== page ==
3. Yellow Fever

Walter Reed and the Scourge of Yellow Fever

The yellow fever virus is hosted by a mosquito species known as the Aedes aegypti. The disease is called ‘yellow fever’ because the skin turns yellow in its advanced stages. It originated in East and Central Africa through primate to human transmission and was carried to the Americas and Europe by slave trade ships during European explorations.

The first outbreaks of the disease occurred in the islands of the Caribbean, Barbados, and Guadeloupe in 1647 and 1648. 25 major outbreaks would follow in North America beginning with Philadelphia in 1793, the town of Mississippi in 1878 and New Orleans in 1905. As of today, the Yellow fever virus is estimated to cause about 30,000 deaths each year, with 90% of the fatalities occurring in Africa.

2. Small Pox


Smallpox, an infectious disease, was spread between people and through contaminated objects. Its initial symptoms are fever and vomiting followed by sores in the mouth and skin rash. It. The origin of the disease is unknown and its first occurrence can be traced back to 3rd-century Egyptian mummies.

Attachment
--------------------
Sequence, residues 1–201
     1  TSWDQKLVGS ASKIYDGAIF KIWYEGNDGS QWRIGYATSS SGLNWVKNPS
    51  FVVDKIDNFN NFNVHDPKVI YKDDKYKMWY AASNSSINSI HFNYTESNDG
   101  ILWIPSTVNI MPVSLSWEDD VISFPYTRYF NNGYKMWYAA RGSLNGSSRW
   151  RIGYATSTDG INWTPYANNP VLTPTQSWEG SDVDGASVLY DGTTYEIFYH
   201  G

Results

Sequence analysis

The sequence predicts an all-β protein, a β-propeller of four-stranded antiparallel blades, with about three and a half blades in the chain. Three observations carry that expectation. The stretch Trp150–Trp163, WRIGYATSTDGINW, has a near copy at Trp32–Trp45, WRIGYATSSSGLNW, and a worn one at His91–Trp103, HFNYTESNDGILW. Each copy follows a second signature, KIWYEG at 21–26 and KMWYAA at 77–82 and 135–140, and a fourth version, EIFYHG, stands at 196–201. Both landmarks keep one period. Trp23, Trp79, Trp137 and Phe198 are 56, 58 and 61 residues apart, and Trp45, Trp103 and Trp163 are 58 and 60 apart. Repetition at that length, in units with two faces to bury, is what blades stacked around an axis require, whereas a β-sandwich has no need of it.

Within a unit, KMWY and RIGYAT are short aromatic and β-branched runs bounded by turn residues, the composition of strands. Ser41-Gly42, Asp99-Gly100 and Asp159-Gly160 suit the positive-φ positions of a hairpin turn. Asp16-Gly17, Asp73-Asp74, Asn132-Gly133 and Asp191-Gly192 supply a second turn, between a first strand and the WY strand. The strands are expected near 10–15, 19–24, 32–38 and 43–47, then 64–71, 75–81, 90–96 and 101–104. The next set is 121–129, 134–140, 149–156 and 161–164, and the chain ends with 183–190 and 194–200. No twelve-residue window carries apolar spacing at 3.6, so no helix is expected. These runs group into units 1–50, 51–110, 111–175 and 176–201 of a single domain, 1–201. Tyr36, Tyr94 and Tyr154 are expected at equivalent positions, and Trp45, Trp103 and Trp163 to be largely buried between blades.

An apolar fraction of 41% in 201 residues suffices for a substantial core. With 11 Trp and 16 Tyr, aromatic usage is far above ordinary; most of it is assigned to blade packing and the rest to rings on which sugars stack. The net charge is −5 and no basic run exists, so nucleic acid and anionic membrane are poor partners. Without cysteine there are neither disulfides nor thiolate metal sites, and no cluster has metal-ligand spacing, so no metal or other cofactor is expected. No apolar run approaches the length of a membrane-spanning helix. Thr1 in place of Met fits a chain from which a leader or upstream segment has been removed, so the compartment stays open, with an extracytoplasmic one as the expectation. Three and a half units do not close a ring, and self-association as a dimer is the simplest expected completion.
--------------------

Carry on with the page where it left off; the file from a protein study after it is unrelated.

Up to 300 million people died of smallpox in the 20th century and an overall 500 million people in 100 years of major outbreaks. The first vaccine was introduced in 1796 and it succeeded in eradicating the disease over a long period in vaccination campaigns. The last naturally occurring case was recorded in 1977 and by 1980 the WHO certified the world to be smallpox free.

1. Black Death

black death was the deadliest plague recorded in history

The Black Death, also known as the Great Bubonic plague, was the deadliest plague recorded in history. It claimed 75 to 200 million lives in Europe and Asia with the greatest casualties occurring in 1347 and 1351 AD. The bacterium Yersinia Pestis is believed to have caused it. The disease originated in Central and East Asia and was carried by fleas living on black rats that would later travel on merchant ships. The Black Death devastated Europe doing away with 30% to 60% of its population.